March 18th, 2012

Lies and Technology

iPad v3 is out. Is it different from iPad v2? Yes. I read numerous posts by people whose opinions I respect saying, you have to look at them side by side to tell the difference. I used to believe stuff like this. You know, like, if you make a screwdriver with crap vodka, you won't notice the difference. Not true! I totally believed that, until someone had me do a double-blind A-B comparison and not only is it possible to tell you used crap vodka -- it's really obvious how good the OJ is, too. (If you're thinking, but that's side by side! Turns out, you can do the same thing cold with a single sample forever after, too.) If you can't tell the quality of the vodka and OJ in a screwdriver, it's because you're drunk enough already and should probably stop drinking. I wish there was a good segue back, paralleling drunk with whatever cognitive impairedness leads people to downplay the differences between v2 and v3.

Anyway. iPad v3 is _noticeably_ heavier and thicker than an iPad v2. All these people who claim they own a v2 and couldn't tell until they had them side by side? Something is wrong with them. Also, the people who say they couldn't tell the screen is better until they had them side by side? Totally trying to make you feel better about not having a v3. The good news, for people who don't want to buy the new one, is that it _really is_ noticeably thicker and heavier.

I will further note that my 6 year old autistic son doesn't have any trouble telling the difference between the two, and prefers the v3 if he's at a table or lying down with it on a flat surface, but prefers v2 if he's carrying the thing around.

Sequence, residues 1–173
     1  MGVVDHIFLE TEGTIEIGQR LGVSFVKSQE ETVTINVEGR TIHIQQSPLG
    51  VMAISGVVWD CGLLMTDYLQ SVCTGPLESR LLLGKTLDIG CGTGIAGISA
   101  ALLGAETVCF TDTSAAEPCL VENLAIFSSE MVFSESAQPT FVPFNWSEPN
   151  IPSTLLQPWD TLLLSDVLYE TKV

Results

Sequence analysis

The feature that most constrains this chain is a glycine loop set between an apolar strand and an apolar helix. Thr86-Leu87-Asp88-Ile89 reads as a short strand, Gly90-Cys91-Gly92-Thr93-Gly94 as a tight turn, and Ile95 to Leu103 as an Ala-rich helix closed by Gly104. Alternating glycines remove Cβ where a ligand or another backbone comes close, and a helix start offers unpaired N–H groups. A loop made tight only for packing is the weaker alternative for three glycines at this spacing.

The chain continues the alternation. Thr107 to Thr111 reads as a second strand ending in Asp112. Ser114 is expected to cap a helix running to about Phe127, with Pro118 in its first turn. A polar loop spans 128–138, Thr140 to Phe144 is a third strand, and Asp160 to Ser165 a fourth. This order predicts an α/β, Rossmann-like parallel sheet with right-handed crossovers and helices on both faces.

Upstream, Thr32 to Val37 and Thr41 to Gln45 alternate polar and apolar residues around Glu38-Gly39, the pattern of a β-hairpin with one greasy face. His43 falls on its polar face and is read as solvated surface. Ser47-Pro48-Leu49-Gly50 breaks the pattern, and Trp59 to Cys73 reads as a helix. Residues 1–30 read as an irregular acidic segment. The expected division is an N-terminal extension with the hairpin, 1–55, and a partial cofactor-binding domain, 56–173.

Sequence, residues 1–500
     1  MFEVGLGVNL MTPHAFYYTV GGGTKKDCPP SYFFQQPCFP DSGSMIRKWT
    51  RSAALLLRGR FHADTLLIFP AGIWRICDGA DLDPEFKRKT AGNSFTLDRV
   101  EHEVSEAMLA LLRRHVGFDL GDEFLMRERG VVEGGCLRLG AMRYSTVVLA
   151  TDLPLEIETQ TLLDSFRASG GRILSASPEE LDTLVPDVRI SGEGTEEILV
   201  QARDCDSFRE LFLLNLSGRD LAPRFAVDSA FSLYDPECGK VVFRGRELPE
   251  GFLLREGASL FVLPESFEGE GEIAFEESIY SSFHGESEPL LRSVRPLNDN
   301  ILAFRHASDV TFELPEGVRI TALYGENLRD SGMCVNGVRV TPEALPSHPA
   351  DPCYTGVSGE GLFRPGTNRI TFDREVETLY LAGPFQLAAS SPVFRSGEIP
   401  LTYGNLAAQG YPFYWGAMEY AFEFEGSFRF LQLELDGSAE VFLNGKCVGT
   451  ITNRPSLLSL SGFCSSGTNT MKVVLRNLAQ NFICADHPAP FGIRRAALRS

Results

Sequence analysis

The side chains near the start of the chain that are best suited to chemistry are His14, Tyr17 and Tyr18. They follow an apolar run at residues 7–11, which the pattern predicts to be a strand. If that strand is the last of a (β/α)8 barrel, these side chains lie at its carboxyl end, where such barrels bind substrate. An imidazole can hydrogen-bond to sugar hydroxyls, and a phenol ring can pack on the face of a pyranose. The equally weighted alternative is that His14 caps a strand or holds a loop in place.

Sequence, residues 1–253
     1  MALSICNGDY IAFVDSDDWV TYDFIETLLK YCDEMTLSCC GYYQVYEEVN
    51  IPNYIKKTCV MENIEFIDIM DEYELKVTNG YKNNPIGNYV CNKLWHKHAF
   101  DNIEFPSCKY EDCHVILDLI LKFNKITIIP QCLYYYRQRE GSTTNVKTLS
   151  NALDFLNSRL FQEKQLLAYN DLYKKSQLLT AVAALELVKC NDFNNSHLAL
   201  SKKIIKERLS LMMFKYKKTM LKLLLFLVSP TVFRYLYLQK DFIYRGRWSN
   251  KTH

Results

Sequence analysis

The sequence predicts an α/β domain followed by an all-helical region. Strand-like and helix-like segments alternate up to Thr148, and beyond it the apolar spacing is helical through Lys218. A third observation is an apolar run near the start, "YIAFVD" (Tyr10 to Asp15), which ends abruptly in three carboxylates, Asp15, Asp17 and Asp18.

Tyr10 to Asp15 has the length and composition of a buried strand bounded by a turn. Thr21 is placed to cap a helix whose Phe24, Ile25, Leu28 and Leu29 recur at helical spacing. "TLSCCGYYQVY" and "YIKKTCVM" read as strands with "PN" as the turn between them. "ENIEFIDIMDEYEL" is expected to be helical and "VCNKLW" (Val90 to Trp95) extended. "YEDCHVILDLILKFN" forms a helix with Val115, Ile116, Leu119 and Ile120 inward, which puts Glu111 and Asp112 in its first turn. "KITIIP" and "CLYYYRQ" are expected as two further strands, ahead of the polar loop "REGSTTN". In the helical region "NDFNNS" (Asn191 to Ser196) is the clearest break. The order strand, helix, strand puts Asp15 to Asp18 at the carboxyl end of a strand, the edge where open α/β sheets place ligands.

In other lies-and-technology news, I heard part of the This American Life Retraction episode. Mike Daisey has apparently finally gotten in trouble for Making Shit Up in, well, in at least one monologue (I still want him to get busted for the Amazon monologue, because I think he made stuff up in that one, too). Secondary coverage at the newser ( -- but I don't recommend bothering) includes this paragraph:

"Daisey is just the latest artist to apparently get tripped up by the truth _ joining a list that includes James Frey, who admitted that he lied in his memoir "A Million Little Pieces," and Greg Mortenson, who is accused of fabricating key parts of his best-selling book "Three Cups of Tea.""

Conveniently making lying in memoir an exclusively male activity. Which it very much is not. Even with high profile lying in memoir.

I feel like I'd like to go off a bit on memoirs and Making Shit Up in the service of a good story. My ex-girlfriend has had at least two distinct experiences in writing classes in which some other student attempted to get her to change what happened in an event described in a memoir because it would make the story more appealing. R. (the ex-girlfriend, not my husband) and I are at a complete and utter loss to make any sense of this. But I'm betting Mike Daisey (and James Frey and Greg Mortenson and Margaret Jones and that woman who claimed she wandered Europe during WW2 and was raised by wolves) would echo the sentiment -- even if they were never able to explain why that would make sense, when writing a memoir.

R. Broke His Arm

My husband broke his arm. Here is how.